Double A Release Proves FLIIIS Have What It Takes
Lee Barber || September 30th
FLIIIS are one of those bands. They warm your heart when you hear their music. The freshness of their sounds reaffirms your faith in modern society's state of music. They make you happy. Latest single Conversations does just this, from start to finish, with flutters of head bopping melodies dotted throughout. Instead of attempting to try and explain what I think the track is about though, I asked Daniel Johnson for his personal view.
'Conversations is a song about using someone, and controlling them with sex. There's nothing more that you're there for, so when the brief conversations ends it's kinda like 'well, shall we just get to it?'. It's not neccessarily a true story per say, although I'm sure everyone's been in that situation, whether being the user or the used, but it highlights the emptiness of a promiscuous lifestyle that is so openly flaunted and accepted today. And, I guess, sort of an ode to better times, when the institution of family meant something more.'
Easing us with an African drum vibe, the cool riffs soon start to flow and the well structured drum beat instantly gets you going. Subtle use of added backing vocals and sneaking in instruments where you'd least expect it are exactly the kind of intelligent musicianship that will see FLIIIS go far, while the smooth breakdown gears you up very nicely for a hard-hitting ending, just to make you sure that FLIIIS really are one of your new favourite bands.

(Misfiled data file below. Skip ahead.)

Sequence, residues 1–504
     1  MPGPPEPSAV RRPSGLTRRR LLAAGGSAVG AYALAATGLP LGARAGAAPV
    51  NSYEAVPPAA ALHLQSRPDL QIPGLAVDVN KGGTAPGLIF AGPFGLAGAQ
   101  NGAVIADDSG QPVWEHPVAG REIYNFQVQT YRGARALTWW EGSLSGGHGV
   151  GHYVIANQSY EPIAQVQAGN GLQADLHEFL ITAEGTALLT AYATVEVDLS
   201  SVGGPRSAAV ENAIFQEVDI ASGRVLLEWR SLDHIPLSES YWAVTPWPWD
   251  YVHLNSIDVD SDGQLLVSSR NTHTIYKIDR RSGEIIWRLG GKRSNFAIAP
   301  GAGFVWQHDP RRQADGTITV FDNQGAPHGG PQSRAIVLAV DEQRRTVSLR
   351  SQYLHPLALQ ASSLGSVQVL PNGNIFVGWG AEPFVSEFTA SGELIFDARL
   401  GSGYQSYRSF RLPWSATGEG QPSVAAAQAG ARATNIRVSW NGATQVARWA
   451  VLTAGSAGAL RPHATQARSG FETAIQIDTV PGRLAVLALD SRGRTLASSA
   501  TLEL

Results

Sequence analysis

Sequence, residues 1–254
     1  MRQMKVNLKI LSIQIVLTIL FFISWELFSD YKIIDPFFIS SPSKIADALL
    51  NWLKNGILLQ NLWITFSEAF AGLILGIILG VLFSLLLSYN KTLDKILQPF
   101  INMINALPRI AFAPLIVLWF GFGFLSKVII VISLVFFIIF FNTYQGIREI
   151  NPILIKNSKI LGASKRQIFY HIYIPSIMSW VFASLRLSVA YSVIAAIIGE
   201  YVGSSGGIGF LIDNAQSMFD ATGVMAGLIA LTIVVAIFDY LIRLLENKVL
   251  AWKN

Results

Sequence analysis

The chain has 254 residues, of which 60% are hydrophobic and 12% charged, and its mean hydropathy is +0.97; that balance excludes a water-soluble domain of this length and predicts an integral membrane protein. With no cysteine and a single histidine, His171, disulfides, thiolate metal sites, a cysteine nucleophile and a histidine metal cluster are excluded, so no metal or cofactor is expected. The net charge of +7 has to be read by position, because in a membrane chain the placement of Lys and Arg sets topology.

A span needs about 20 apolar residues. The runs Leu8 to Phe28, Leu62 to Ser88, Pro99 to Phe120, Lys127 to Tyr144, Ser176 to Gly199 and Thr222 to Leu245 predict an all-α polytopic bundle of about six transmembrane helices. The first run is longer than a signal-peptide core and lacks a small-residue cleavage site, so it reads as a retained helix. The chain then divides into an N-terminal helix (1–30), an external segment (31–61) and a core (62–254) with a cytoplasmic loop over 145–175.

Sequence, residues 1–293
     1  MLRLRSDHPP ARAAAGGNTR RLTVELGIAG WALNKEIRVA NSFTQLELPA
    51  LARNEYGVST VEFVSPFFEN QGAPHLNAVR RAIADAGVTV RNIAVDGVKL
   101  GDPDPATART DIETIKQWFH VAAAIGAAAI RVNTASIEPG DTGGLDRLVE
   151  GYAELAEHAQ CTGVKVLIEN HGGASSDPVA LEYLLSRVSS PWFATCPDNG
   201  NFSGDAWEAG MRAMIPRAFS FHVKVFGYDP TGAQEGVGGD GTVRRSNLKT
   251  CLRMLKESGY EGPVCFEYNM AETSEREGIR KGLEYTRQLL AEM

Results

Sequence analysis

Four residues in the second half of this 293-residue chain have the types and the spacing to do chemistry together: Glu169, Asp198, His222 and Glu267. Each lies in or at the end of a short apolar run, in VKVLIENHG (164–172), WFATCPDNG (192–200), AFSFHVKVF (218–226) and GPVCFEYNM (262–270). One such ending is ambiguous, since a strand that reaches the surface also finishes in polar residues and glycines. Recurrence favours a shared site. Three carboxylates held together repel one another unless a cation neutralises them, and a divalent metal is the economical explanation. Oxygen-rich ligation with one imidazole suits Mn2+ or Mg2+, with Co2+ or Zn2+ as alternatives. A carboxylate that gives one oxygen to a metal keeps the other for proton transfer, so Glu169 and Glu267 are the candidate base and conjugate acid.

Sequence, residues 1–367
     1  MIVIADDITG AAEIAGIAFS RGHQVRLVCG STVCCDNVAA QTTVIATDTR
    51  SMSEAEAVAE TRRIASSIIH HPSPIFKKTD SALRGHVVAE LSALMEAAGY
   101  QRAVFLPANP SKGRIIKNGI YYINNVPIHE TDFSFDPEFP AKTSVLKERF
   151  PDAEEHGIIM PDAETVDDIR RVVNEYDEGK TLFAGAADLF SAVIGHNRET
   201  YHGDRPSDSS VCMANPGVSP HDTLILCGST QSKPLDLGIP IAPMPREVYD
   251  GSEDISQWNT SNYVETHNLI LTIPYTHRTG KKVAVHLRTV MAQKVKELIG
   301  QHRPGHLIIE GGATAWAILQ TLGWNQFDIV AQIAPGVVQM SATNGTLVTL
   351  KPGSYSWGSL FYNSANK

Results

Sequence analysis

The song was recorded at Sam Bloor's Lower Lane Studios in Stoke-on-Trent, a name which is certainly worth remembering for future reference, for Sam's talent's seem to know no bounds and he is clearly destined to go just as far in music production as FLIIIS are in music writing.
Released as a double A record, second song Work It Out is a much smoother track, with a very funky bass line and some heavily chilled out vocals, as Daniel Johnson explained.
'Work It Out is another home recording that we did in our apartment on the south side of Manchester. We were listening to a lot of R&B at the time, namely the leaked-may-or-may-not-be-genuine Frank Ocean tracks from his new album, alongside classics such as Stevie Wonder and Michael Jackson, of course. So the track immediately took on this sort of '80's Harlem' vibe. Funk meets R&B meets pop. From there the track just sort of flowed and I knew, without even thinking, that it was a song about a girl. It just worked. Lyrically, the song's about making someone wait for you; loving someone but being too trapped in your own mind to give yourself to them 100%. It's a snapshot of the moment you think 'Oh fuck, I do really want to be with this girl and i've been making her hang around for me to make a move. Have I ruined it?'. You know, the classic story. But, overall, that track is so nostalgic and is a nod towards one of our favourite era's in musical history.'